The CEO of word of mouth marketing firm Fizz, Wright chatted with Sparksheet about the innovative and successful campaign that got him fired from his first job out of business school, how he engineered the resurgence of PBR among the hip urban crowd by not worrying about it being cool, and about his new book on the power of word of mouth, also called Fizz.
You say in your book, that word of mouth marketing has been around for a long time but has been making a resurgence recently. Why is that?
What’s really interesting is that it’s totally clear that word of mouth marketing is really old; it is at least 10,000 years old.
More recently, you have the invention of broadcast and from the mid-1930s to the mid-1990s broadcast is really ascendent; It’s the most powerful person on the block. Then, in the mid-90s it starts to decline. In mature media markets all across the world, once they’ve had color television for 35 years the ability for broadcast to continue to move markets really starts to decline.
It takes about ten years for that decline to hit whatever its natural bottom is and then it just sort of sticks there. What happens is that, you have people who have really trusted a certain channel [of marketing] and over time they realize that that channel cannot be trusted as much as they thought. So, its utility declines and space opens up for other channels.
Early in your career your were hired by Delta Airlines during a period when they were losing business to Air Tran. You said that one of your goals was to change the conversation about Delta in Atlanta, your home town where it employs tens of thousands of people. How did you go about doing this?
This was pre-Google, so I hand plotted where about 25,000 of Delta’s employees lived and when I got done with that I realized that people lived in basically every part of Atlanta. It occurred to me that basically everybody has a Delta employee as a neighbor.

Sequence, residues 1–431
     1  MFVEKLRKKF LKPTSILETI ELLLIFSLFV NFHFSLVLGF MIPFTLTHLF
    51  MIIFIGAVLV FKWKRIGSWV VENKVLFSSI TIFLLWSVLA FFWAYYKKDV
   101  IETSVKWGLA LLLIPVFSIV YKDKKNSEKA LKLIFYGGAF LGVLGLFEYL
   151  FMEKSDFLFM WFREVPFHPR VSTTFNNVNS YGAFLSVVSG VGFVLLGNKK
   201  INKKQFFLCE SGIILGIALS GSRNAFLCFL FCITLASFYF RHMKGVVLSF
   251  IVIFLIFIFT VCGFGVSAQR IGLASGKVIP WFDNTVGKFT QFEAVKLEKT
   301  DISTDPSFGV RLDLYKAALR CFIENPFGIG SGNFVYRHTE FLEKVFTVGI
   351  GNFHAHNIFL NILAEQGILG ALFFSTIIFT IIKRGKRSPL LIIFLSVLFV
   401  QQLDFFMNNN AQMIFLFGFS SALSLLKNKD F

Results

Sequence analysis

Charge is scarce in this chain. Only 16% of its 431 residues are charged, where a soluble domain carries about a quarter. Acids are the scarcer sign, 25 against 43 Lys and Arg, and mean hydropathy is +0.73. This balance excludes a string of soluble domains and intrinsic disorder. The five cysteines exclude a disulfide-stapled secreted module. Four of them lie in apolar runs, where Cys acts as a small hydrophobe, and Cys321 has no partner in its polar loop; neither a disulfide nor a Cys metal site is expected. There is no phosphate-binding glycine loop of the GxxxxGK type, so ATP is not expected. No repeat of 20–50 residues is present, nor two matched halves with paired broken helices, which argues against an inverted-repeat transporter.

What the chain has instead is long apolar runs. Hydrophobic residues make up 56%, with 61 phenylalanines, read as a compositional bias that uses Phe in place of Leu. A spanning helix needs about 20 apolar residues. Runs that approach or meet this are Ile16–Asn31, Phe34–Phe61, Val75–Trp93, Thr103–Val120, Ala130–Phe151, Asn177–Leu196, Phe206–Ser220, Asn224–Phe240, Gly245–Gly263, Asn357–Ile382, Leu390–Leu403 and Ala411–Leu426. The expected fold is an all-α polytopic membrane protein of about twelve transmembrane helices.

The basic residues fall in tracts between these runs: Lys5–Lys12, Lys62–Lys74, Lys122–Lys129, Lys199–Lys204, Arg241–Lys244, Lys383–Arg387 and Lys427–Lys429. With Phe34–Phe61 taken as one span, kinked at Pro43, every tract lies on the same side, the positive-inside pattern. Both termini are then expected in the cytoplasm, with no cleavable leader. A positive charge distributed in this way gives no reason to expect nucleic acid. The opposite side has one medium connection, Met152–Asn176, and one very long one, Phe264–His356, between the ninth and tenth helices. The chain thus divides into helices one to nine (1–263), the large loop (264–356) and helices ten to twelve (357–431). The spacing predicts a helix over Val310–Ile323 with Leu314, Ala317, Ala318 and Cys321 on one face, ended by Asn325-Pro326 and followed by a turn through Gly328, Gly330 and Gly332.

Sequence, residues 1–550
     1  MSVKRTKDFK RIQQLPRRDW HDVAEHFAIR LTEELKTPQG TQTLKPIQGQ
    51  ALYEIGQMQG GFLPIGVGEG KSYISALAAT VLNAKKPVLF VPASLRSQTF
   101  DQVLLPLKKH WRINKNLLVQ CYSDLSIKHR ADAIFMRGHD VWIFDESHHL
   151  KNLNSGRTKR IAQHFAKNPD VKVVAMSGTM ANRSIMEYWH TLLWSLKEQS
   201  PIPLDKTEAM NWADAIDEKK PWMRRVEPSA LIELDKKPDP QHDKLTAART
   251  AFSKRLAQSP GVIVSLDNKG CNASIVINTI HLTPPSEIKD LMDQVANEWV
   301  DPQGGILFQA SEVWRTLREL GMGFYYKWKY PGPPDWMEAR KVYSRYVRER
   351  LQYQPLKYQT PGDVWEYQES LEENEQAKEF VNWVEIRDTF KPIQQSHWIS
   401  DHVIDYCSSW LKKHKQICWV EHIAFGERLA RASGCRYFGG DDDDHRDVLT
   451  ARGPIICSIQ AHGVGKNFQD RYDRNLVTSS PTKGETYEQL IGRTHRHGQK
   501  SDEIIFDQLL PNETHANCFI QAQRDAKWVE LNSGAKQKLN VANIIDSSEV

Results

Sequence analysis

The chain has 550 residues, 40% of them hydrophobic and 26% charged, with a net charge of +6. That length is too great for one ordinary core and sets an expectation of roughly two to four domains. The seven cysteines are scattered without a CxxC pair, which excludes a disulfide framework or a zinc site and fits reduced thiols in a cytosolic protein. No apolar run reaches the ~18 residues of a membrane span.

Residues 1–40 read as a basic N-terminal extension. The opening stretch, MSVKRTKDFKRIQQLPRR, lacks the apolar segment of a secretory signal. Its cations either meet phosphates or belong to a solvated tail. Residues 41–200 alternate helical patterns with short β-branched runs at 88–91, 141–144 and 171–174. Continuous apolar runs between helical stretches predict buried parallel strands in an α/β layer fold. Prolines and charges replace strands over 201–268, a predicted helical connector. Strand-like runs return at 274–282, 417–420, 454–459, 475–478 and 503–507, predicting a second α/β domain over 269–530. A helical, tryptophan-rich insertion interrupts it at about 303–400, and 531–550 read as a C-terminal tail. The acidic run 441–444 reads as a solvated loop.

Atlanta is very much a place that prides itself on its neighbourliness, so my big idea was we should create yard signs! They could simply say, “Your Delta Neighbour Thanks You For Flying With Us.” I wanted to make flying Delta about supporting a person whose kids go to your kid’s school, about making a choice to support your community.
The idea ends up getting shot down by your boss because of a worry that people will start knocking on doors complaining about lost luggage, but you make your own sign and put it on your lawn anyway. How did people respond?
I lived on a very busy street so I had the sign made up at Kinkos and just stuck it on my lawn and left it there for 90 days. My thought was, “I have an idea, so let’s test it. Let’s not guess.”
In 90 days we had three people stop. All three were Delta employees and all three wanted a yard sign.
But my boss shot it down again.
Despite your boss, you end of taping the sign to your office door—a pretty ballsy move. The Chief marketing officer of Delta sees it and likes it. What happened?
The end of the story is that Delta ended up taking the idea. They printed up thousands of signs, employees took them, we put them all over the place and it was helpful. It got people in the Atlanta market talking.
Delta was very gracious. They gave me an award for innovation, but then several weeks later the people in charge of my review found a reason to get rid of me.
One could say that I was fired for insubordination because I should have taken [my boss’] hint, but the airline, my airline, that I’d flown with my whole life, that was one of the economic engines of Atlanta, was loosing a lot of money on a daily basis and I just didn’t think we had time to wait.
Entrepreneurial spirit is not about having a job. It’s about getting a job done, and in my heart Delta was hiring me to put butts in seats. I wasn’t going to allow politics or discomfort to get in my way because that’s not what Delta was paying me to do.
So you’re this young guy just out of business school and you were just fired. What’s the next step?